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MAXIMUM PRICE (PRICE CEILING) – A TYPE OF PRICE CONTROL

Updated on March 11, 2011

Maximum price or price ceiling is a price established by governments beyond which it is illegal to sell. Price controls are government rules or laws that forbid the adjustment of prices to clear the market. Price ceiling is one of two types of price control. The purpose of price ceilings is to protect the interest of consumers, particularly when it is felt that the equilibrium price is unreasonably too high. In times of war or when shortages occur, due to a fall in economic activity, price control may be used to prevent inflation and also to enable people in the low income bracket to be in position to demand more goods and services

If the ceiling price is set above the equilibrium price, it has no effect of protecting the interest of the consumer. The equilibrium price is the price at which demand and supply are equal so that there is no excess demand or excess supply. The consumer’s interest is not served by setting the ceiling price above the equilibrium price because the equilibrium price which was considered too high, for which reason the ceiling price was imposed, would now have the ceiling price above it. If however, the ceiling price is set below the equilibrium price it determines the price, and in this case it is said to be binding. For all practical purposes of protecting consumers’ interest, therefore, maximum prices are always fixed below the equilibrium price.

When maximum prices are fixed below the equilibrium price, quantity demanded increases because price has been reduced from a higher equilibrium price. At the same time suppliers reduce the quantity they offer for sale. With quantity demanded increasing and quantity supplied decreasing; we experience shortages or excess demand oversupply. The shortage so created from the maximum price legislation would lead to a number of sales devices, which include the following:-

1. If shops sell to the first customers who arrive, people are likely to rush to those stores that are rumored to have any stock of the scarce commodity. Long queues may develop and allocation will be on the basis of luck.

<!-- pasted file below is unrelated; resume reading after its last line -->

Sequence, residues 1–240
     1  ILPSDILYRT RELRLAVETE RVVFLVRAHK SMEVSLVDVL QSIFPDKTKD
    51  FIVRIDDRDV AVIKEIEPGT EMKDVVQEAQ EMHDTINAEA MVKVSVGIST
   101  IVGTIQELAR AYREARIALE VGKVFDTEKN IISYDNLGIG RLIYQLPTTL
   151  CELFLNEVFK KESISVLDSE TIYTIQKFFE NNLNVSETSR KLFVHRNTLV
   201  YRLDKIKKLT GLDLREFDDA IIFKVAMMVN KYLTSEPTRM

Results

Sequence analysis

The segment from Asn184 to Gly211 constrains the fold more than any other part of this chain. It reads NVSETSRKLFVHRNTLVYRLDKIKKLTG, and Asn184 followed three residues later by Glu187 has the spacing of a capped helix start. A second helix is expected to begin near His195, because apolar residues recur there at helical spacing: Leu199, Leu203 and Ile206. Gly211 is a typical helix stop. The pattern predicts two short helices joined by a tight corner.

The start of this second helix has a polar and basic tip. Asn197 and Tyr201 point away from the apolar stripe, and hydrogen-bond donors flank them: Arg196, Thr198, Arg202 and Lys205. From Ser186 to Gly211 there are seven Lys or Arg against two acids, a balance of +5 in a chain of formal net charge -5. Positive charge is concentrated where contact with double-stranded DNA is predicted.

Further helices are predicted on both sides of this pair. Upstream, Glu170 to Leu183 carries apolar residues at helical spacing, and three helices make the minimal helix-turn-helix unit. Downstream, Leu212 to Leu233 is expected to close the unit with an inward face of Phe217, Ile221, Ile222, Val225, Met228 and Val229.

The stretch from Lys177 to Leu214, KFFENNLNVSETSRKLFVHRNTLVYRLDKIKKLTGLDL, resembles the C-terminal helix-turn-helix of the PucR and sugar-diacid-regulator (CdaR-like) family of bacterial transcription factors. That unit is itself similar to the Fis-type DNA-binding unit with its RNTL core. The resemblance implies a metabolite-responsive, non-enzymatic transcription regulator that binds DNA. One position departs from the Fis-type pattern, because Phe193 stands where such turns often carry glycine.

2. The principle of first come – first served could be employed.

3. Sometimes shop keepers themselves decide who will get the scarce commodity and who will not. They may keep commodities under the counter and sell only to regular customers, or to people of a certain color or religion. Such a system is called allocation by sellers’ preferences.

4. If the central authorities dislike the allocation system that results from price ceiling, they can ration the goods by giving out ration coupons sufficient to purchase the available supply. The authorities then determine as a conscious act of policy, how the available supply is to be allocated. The coupons might be distributed equally, or on such criteria as age, sex, marital status or number of dependents. Note that rationing substitutes government’s preferences for the seller’s preferences, in dividing up a commodity that is in shortage, because of a binding price ceiling.

5. Under certain circumstances, maximum price control, with or without rationing, is likely to give rise to black markets. This is a market in which goods are sold illegally at prices that violate the legal restrictions.

The shortage that results from the maximum price legislation exerts pressure on the ceiling price upwards. This is because people will be prepared to pay higher prices just to have the scarce commodity. With the above effects of a ceiling price, the pressure on the equilibrium price can raise price above the initial equilibrium price which was considered too high, for which reason the maximum price was imposed. Maximum price legislation are therefore likely to fail due to the shortage they may create.

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